What do you think of when someone says “trial”? A brief and unofficial survey of some non-lawyer friends resulted in the word “jury” cropping up just over 80% of the time. A trial by jury is one of the most time honored traditions of our system of jurisprudence. Our right to a trial by a jury of our peers before our liberty or property can be taken from us is a cornerstone of our constitution, born out of secret tribunals in England’s medieval times, where courts established by and for the ruling class were used to keep the masses in their place. Trials by a jury are meant to be the great equalizer, to ensure that everyone, no matter their place in society, can obtain a fair and impartial verdict. So why is it, then, that we lose this indelible constitutional right when we sue the State of New York?
Under New York State law, any claim against the State of New York can only be brought in a special court called the Court of Claims. The Court of Claims is a court of limited jurisdiction, which only presides over cases against the State. In order to preserve your right to sue, a Notice of Intent to make a claim must be filed with the Court of Claims within 90 days of the act or occurence which forms the basis of the claim. Failure to timely file this Notice of Intent likely means that you will forever be barred from bringing your claim, even though many people may not realize they had a claim to bring until well after the 90 days has passed. There are circumtances where a Notice of Intent can be filed late, however, so prompt consultation with an attorney experienced in bringing claims against the State is HIGHLY recommended.
The biggest difference between the Court of Claims and traditional courts, however, is that there is no right to a jury trial in the Court of Claims. It isn’t even an option. Instead, trials are conducted before a judge appointed by the State (yes the same State that is the defendant in the case) and defended by the Attorney General’s Office. The Judge presides over the discovery process, determines motions that will limit the admissable evidence at trial, and then serves as the finder of fact at trial, where they are expected to disregard the knowledge of the case they have acquired over the preceding years, and base their verdict solely on the admissable evidence. In a strange twist, the judge who presides over the trial doesn’t have the last say on the verdict. Once the trial judge writes a proposed decision, that decision is submitted to a secret panel that reviews the evidence and testimony and approves the final version of the decision. That process takes place in secret, without the right of the Claimant’s attorney to argue the evidence or be heard.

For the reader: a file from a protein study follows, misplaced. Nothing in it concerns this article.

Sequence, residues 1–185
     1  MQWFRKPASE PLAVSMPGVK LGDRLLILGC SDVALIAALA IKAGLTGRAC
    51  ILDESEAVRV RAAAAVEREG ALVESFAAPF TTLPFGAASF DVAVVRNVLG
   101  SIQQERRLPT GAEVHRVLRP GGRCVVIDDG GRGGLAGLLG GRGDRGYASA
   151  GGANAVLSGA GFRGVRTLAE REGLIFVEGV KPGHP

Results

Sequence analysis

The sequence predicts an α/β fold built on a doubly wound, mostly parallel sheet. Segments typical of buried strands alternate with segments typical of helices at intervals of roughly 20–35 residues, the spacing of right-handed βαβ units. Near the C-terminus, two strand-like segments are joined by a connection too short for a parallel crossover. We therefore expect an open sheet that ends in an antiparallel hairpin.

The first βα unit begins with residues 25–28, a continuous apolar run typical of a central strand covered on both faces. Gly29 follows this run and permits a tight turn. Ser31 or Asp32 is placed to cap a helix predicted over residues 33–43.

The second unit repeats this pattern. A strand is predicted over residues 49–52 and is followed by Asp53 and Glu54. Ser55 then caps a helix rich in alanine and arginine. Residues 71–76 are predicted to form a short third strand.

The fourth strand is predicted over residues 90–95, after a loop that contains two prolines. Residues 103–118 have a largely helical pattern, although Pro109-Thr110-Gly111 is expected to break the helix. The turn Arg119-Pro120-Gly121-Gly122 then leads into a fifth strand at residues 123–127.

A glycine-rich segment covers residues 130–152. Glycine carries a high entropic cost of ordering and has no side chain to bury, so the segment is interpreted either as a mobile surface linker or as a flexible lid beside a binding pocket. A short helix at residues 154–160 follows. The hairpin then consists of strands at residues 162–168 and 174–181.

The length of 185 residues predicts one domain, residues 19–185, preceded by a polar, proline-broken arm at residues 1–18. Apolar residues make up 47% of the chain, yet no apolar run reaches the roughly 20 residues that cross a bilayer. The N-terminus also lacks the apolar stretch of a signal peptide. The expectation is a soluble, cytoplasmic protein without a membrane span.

So how can this happen? That is a very good question with a very convoluted answer. In general, the states and the federal government enjoy what is called Sovereign Immunity. Sovereign Immunity is founded upon the ancient principle that “the King can do no wrong”. In the present day, this principle bars holding the government or its political subdivisions liable for the torts of its officers or agents unless immunity is waived. The federal government has waived its immunity, and permits suits against it pursuant to the Federal Tort Claims Act. New York, as well as most every other state, has also waived their Soveregn Immunity to one extent or another.
Since every state is free to determine how and to what extent they will waive their immunity, we are left with the Court of Claims in New York. While it may be little more than a modern day Star Chamber, it is the only way to even attempt to hold the State of New York liable for its actions.
Thanks for reading,
Adam M. Gee, Esq.